MOSCOW, November 17 (Sputnik) — Japan reported an unexpected technical recession in the third quarter on Monday, dragging the Nikkei stock index down along with global crude prices, and giving reason enough for PM Shinzo Abe to delay further measures of fiscal consolidation.
Data released Monday shows that economy of Japan contracted by 1.6% year-on-year during the July-September quarter, which might have been a good result after a slump of 7.3% in the previous quarter had experts not expected growth of 2.1% this quarter, according to a report by the Globe and Mail.
The contraction in the second quarter was caused mainly by a sales tax increase from 5% to 8%, implemented this past April, a measure used as an attempt to boost inflation. The negative effect on economic growth had been expected to be over before the third quarter, but those forecasts have proven to be wrong. According to PM Abe’s plan to counter deflation, the second tax hike, from 8% to 10%, would be undertaken in October 2015. However, the government now has decided to delay the second tax increase, Reuters reports.
Last week, Abe said he would call for a pre-term election should the delay in tax hike seem necessary. As this is now the case, Abe will have to revise a 2012 fiscal legislation timeline for tax increases in parliament. However, that same legislation said the second tax hike would happen only “on the condition of a favorable turn in economic conditions”, which means a target growth of at least 2%, which had been expected this quarter, but never happened. Therefore, PM Abe would not need to call for an advance parliamentary election unless he desires.
"This is absolutely not a situation in which we should be debating an increase in the consumption tax," Etsuro Honda of the PM Abe economic team told Reuters.
The current recession was unexpected, as many believed that the unprecedented monetary easing, which increased bond repurchases by the Bank of Japan by 60% early this month would spur the economy enough to show growth. However, the real effect of this move is yet to be seen.
“It’s a bit of shock for the market, because people believed that the Bank of Japan had everything under control. But overall, the initial negative reaction shouldn’t last too long. Investors still expect central bank action worldwide to support the global economy,” Nicolas Cheron of FXCM said as quoted by the Globe and Mail.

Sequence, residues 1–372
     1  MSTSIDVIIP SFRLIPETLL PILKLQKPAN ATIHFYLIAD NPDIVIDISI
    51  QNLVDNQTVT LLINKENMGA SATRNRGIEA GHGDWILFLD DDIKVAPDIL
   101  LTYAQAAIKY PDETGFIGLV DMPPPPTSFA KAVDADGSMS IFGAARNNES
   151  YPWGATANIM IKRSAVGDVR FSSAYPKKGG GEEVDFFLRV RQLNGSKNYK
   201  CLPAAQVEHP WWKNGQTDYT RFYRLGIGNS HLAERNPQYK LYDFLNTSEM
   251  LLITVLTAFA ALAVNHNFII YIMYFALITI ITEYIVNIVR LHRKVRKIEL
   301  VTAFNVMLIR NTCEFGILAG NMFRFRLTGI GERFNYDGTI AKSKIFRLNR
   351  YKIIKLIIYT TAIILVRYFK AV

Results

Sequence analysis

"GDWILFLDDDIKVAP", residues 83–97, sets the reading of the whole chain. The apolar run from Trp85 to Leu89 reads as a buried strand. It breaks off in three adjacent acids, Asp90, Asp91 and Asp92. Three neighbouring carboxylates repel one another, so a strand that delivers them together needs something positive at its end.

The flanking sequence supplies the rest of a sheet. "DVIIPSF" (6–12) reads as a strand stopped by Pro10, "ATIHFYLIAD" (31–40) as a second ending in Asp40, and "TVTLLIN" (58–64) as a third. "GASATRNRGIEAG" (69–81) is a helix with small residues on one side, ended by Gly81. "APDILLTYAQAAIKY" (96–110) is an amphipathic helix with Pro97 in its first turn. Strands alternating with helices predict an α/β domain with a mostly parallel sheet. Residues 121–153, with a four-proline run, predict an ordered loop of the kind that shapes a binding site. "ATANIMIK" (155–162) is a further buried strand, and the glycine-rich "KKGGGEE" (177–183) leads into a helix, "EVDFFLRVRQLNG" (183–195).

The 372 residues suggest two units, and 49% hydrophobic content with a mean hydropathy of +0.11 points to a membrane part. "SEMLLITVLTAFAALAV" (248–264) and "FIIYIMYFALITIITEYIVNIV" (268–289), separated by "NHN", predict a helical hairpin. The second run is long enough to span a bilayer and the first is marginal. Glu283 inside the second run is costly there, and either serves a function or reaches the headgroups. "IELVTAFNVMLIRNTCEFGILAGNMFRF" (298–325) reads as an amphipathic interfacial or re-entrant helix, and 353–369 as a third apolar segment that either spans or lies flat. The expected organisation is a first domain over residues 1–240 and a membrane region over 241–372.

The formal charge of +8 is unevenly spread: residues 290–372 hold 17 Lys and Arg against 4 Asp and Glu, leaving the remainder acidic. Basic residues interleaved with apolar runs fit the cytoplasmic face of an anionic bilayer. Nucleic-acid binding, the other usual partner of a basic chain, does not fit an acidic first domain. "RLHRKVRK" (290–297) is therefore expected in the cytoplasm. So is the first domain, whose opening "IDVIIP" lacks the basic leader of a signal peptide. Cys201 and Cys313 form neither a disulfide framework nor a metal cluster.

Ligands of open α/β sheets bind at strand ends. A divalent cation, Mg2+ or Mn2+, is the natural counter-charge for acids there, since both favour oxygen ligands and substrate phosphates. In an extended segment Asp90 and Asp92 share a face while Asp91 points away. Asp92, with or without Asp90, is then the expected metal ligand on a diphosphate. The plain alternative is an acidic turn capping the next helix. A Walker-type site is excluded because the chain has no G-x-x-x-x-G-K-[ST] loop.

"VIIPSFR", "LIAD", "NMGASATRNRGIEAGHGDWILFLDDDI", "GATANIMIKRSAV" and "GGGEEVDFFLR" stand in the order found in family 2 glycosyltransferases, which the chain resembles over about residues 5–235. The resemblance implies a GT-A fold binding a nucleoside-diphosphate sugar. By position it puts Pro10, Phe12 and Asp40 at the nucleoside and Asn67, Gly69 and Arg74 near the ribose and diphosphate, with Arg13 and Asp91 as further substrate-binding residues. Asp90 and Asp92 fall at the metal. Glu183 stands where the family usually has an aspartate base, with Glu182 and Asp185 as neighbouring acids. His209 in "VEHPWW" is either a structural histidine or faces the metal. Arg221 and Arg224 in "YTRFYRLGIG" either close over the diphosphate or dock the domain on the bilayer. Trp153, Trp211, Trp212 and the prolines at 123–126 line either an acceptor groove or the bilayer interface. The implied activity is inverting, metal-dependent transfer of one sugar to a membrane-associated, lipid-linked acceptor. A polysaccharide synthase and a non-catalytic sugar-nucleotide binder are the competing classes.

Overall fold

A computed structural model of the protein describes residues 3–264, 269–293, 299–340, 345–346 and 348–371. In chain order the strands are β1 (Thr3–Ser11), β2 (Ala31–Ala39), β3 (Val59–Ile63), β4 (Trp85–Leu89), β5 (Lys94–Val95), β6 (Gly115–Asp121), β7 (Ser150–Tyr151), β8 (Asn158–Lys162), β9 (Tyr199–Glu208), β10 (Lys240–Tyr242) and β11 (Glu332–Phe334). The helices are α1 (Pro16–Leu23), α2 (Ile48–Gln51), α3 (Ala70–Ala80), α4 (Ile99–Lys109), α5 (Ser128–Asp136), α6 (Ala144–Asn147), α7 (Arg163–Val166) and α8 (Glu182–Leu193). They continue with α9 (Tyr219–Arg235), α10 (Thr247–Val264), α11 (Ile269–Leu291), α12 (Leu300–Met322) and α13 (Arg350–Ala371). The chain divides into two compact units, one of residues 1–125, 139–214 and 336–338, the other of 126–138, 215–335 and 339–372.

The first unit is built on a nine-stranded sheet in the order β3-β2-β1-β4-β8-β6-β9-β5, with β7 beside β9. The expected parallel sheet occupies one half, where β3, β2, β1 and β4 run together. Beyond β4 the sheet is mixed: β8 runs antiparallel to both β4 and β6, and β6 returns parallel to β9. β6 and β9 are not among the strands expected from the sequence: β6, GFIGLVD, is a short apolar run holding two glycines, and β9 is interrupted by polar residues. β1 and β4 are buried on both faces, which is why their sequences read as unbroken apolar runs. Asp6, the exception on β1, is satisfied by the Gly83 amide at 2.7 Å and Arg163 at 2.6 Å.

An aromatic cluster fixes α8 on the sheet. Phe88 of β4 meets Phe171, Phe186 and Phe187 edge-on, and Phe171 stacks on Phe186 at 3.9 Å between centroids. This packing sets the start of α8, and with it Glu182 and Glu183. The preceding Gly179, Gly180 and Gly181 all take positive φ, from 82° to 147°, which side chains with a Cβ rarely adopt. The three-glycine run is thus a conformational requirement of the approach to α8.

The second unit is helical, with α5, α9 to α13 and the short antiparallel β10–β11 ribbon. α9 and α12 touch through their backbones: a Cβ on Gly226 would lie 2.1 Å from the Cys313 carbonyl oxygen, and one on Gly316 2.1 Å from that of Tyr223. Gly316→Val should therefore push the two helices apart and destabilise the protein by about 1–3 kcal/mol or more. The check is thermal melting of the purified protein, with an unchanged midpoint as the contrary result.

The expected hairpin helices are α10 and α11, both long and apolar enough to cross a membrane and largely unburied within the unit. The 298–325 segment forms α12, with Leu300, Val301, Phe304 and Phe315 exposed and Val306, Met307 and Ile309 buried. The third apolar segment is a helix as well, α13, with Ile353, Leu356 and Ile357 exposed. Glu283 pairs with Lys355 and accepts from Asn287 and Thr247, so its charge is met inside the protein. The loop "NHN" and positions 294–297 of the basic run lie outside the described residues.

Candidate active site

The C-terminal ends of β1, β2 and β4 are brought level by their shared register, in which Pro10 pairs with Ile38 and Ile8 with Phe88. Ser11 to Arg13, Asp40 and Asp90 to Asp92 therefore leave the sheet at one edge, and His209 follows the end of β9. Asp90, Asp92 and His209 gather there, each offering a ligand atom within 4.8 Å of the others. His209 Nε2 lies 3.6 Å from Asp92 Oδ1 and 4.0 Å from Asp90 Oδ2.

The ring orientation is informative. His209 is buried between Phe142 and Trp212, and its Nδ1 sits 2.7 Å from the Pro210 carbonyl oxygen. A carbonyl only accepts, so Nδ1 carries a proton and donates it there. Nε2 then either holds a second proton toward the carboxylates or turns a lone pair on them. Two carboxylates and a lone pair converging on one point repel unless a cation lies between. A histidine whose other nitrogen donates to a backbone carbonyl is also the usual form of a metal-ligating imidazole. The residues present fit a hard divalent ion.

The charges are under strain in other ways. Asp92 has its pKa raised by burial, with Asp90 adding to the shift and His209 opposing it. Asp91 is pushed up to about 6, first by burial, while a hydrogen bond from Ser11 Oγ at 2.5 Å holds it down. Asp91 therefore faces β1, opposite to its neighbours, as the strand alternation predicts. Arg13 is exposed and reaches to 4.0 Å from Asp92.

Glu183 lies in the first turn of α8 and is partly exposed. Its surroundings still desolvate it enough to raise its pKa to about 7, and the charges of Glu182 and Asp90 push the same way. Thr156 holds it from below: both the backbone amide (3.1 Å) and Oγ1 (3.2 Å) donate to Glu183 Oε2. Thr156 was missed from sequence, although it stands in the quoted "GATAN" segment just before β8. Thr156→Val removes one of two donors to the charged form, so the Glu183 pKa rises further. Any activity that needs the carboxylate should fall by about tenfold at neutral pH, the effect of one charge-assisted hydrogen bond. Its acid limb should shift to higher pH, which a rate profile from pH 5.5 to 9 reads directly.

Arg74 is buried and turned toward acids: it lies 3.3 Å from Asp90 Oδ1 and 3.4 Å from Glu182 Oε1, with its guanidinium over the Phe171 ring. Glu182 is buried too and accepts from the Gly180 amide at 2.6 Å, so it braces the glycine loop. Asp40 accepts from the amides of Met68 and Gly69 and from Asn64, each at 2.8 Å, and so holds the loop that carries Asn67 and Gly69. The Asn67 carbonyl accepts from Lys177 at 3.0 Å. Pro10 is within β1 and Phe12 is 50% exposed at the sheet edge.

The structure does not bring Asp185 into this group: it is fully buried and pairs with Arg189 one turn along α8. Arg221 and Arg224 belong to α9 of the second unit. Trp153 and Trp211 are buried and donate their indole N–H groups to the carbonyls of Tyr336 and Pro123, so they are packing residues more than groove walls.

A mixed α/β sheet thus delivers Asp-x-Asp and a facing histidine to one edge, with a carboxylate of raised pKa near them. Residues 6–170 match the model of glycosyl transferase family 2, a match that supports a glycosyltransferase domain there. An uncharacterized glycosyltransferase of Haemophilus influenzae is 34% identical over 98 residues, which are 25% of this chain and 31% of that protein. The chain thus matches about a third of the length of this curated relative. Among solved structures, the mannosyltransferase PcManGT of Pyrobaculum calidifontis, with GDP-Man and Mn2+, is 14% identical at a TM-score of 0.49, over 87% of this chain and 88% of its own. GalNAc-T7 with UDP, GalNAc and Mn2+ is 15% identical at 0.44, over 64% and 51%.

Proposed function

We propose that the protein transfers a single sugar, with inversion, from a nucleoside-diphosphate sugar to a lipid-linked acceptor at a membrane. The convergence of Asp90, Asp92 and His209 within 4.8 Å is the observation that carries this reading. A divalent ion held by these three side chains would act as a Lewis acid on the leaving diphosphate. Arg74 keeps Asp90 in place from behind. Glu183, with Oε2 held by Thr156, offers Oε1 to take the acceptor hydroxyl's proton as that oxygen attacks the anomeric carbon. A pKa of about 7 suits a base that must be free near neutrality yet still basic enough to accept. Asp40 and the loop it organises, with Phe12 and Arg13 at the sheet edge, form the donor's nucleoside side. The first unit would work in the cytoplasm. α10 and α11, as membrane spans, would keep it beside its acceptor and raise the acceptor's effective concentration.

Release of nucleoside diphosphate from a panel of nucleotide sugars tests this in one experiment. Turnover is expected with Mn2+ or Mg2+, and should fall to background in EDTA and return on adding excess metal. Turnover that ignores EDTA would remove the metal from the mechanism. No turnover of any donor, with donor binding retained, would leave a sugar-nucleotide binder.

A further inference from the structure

The Nikkei stock market index fell by 3%, pushing yen FX rate up against dollar, which is bad news for Japan’s exporters. Global oil price slid $1 to $74.97 a barrel of Brent as Japan is one of the world’s biggest fossil fuels importer. The slump of Nikkei caused a massive spillover into Asia-Pacific stocks, dragging both Shanghai Composite and Hang Seng down by 0.2% and 1%, respectively, completely eradicating the positive effects of the newly opened Stock Connect between the two exchanges.
"The GDP data was so unexpectedly weak and clouded many prospects taken for a given," Masafumi Yamamoto of Praevidential Strategy in Tokyo told Reuters.
Japan’s Minister of Economy Akira Amari announced that some further stimulus measures could be implemented, but they will be hard to properly devise as fiscal discipline should be observed, which means it will take some time before any new easing is introduced.
Quarter-on-quarter the economy contracted 0.4% after a decrease of 1.9% in the previous quarter. Analysts had been anticipating a quarterly growth of 0.5%.
However, Japan’s economy may improve in the fourth quarter as private consumption, which constitutes roughly 60% of the economy, rose 0.4% quarter-on-quarter. The problem is inflation is not accelerating much so the PM’s economic strategy dubbed Abenomics does not seem to work yet.